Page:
Dressage: "Ordinary" Walk & Collected Walk
(and School Walk)
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Here you will find comparisons of two of the dressage walks. There has been some argument in the literature concerning whether or not the walk can be collected in a technical sense.
Collection has the same biomechanics in each gait: it involves a shortening of the horse's posture (axial skeleton) by BOTH changing the shape of the neck and lowering the pelvis. The diagonal pairs are strongly influenced by torque applied by the cervical and thoracic serratus (as well as other muscles), during forward pull over the grounded diagonal pair as in the other dressage gaits. By those criteria, there is a collected walk, although I suspect it is a trained rather than "natural" walk.
However, the walk has no moment when all four feet are off the ground, so its moving aspect is different from the suspension in most trots and canter (medium, extended). Marked elasticity is the signature of an elegant collected walk.
In the diagram BELOW LEFT, the gray boxes are identical for the figures so you may see the different postures characteristic of each walk. Dotted lines are used to compare the spacing of the grounded diagonal pairs (shown as black circles).
Spacing of the diagonal pairs is crucial for DRESSAGE transitions. The transition from collected walk to trot may yield collected trot or passage (with sufficient impulsion and cadence) because of the wider spacing of the diagonal stance pair. The collected walk spacing may lead to piaffe if the pairs are timed nearly simultaneously to reach mid stance (the aids for this may vary, but a rider can lighten the seat and give an elastic half halt by stretching the whole body upward and downward to balance delicately in the stirrups).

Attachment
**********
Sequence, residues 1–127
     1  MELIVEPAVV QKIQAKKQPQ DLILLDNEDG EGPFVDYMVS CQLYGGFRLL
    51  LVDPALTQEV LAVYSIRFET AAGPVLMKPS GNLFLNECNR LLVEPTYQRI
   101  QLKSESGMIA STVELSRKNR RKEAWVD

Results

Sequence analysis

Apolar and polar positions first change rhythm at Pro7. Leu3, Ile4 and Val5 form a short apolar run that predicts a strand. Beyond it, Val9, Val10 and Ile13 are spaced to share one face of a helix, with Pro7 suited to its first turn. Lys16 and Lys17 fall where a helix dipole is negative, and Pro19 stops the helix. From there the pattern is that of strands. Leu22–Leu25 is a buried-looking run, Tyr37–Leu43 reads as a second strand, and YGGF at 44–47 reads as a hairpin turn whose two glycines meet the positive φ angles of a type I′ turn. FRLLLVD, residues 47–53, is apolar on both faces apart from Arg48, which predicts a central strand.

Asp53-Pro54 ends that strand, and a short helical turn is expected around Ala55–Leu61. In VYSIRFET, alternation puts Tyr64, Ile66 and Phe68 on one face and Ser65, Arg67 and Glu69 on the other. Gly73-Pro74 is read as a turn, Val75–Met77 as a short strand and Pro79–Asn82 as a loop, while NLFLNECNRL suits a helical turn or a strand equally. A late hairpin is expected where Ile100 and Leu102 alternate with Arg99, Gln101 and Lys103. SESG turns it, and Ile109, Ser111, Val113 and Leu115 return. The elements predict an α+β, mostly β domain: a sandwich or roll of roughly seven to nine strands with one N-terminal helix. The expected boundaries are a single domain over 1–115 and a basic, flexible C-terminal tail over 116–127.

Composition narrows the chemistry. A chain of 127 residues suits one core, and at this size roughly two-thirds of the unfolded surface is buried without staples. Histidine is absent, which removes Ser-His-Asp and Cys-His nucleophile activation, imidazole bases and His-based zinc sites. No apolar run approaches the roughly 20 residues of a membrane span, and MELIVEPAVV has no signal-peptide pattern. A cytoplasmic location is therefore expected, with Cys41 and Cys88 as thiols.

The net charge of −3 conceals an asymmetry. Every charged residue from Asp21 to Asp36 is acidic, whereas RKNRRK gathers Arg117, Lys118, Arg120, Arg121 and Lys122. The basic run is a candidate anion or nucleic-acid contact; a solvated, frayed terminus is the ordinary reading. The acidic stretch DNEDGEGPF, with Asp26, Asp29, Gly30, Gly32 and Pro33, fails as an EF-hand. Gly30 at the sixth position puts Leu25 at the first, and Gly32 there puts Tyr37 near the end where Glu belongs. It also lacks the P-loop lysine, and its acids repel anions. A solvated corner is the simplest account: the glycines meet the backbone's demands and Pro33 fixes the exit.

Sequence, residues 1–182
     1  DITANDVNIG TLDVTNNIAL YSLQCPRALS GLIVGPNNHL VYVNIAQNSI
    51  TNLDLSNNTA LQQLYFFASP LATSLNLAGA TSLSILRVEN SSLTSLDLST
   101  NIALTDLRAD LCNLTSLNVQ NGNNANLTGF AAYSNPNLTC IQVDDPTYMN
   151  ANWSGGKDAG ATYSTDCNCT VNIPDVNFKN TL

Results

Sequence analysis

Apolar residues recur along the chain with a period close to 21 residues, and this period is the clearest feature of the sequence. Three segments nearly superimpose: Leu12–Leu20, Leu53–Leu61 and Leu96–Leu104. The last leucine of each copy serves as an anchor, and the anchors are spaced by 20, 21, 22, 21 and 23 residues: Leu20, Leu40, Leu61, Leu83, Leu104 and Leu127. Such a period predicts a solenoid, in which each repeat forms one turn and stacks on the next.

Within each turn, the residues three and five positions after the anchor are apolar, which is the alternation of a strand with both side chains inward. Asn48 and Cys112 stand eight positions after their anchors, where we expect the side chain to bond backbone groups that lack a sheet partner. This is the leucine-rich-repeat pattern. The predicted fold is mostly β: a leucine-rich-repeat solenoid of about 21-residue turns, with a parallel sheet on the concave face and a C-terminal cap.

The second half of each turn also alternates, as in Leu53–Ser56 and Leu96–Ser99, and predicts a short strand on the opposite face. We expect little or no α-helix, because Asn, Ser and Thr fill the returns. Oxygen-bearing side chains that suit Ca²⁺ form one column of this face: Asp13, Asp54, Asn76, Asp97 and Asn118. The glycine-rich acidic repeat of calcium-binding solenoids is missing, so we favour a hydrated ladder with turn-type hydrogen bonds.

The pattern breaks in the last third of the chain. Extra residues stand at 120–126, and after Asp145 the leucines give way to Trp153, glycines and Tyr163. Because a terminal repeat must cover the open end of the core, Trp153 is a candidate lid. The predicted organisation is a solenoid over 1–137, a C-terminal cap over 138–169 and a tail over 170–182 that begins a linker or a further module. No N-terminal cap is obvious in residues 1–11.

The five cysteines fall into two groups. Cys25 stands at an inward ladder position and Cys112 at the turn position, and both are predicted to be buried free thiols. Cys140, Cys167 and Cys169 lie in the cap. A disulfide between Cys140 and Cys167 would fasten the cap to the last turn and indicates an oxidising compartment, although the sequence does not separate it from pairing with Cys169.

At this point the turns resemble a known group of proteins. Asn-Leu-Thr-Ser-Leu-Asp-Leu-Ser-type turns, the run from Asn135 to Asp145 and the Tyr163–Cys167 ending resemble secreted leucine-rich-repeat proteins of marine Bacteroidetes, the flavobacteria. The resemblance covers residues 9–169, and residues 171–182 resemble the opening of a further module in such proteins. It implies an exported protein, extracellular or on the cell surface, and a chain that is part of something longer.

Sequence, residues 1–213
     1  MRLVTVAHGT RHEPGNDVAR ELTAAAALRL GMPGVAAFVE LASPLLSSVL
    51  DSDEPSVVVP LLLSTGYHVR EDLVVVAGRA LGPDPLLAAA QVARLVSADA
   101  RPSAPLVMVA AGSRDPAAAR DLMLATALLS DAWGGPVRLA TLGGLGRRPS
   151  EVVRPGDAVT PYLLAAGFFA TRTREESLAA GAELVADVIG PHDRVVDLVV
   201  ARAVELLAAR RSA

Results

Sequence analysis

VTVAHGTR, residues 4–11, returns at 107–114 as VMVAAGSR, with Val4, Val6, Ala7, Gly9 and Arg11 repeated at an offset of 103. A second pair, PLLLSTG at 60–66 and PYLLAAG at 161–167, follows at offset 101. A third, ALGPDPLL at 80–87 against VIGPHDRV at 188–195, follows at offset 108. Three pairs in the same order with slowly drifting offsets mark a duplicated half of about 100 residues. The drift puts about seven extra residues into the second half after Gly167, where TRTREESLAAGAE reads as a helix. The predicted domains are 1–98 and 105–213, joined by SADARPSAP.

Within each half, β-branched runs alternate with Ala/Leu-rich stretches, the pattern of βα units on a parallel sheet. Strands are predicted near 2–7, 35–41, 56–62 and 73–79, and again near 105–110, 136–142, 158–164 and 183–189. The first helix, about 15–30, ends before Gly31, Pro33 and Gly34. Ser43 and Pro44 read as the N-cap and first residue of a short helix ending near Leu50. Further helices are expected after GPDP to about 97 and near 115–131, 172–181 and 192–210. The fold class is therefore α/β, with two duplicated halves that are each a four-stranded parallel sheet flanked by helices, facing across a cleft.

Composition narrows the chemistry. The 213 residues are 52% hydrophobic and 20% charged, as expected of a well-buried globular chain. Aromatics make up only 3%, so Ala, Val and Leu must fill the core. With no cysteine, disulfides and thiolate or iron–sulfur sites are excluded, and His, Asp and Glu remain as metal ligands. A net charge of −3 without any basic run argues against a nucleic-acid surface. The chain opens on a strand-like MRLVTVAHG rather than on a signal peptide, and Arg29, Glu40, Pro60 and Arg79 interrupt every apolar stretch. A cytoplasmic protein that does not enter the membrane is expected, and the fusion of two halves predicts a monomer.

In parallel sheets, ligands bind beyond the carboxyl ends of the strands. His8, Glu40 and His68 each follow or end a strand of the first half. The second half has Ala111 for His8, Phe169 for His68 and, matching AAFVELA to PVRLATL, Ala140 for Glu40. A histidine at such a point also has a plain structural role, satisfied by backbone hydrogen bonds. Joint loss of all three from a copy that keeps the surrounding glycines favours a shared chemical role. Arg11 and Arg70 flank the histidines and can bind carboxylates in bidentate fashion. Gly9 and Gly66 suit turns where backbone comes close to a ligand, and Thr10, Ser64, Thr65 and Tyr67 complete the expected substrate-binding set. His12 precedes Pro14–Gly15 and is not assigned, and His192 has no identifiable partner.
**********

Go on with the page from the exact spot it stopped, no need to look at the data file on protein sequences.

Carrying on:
A collected walk Quicktime movie shows the critical timing of the diagonal pair. Related to the collected walk is the classical school walk with diagonal pairs: This Quicktime movie shows the transition from collected walk to two strides of school walk and back to collected walk. There is a spectrum of gaits that blend the collected walk with the school walk and with piaffe and passage in the classical school.
The power to make the horse more athletic by performing transitions from walk to other gaits starts to become apparent from examining these diagrams. Precise, tactful use of aids first to prepare the horse's posture and then to change the sequence of muscle activity in the back (lats and gluts) is the secret to perfect transitions.
|Rib cage is readjusted at front by the neck, behind by the pelvis and sacrum and in the middle by the rider's relaxed seat permitting the longissimus dorsi (not shown) along the spine to stabilize the new position.||Pelvis is readjusted by the action of the abdominal group and the iliopsoas group of muscles. Horses with sagging bellies are either pregnant or do not use their "abs" very effectively.||Axial skeleton: red regions are especially strongly affected by the neck and pelvis.||Lower neck adjusts tension on the rib cage: horse feels "up at the withers" from the first thoracic vertebra. Pelvis and the attached lumbar spine are lowered at the S-L joint. The whole topline is repositioned slightly upward.|
|The nuchal, supraspinous and suprasacral ligament sustem stabilizes the muscular effort required to reframe or reposition the spine.||The serratus segments at the neck are shortened, the shoulder follows a slightly different trajectory than in the ordinary walk, giving the collected walk a marching quality.||The scalene muscle counterbalances the efforts of the serratus and complexus muscles.|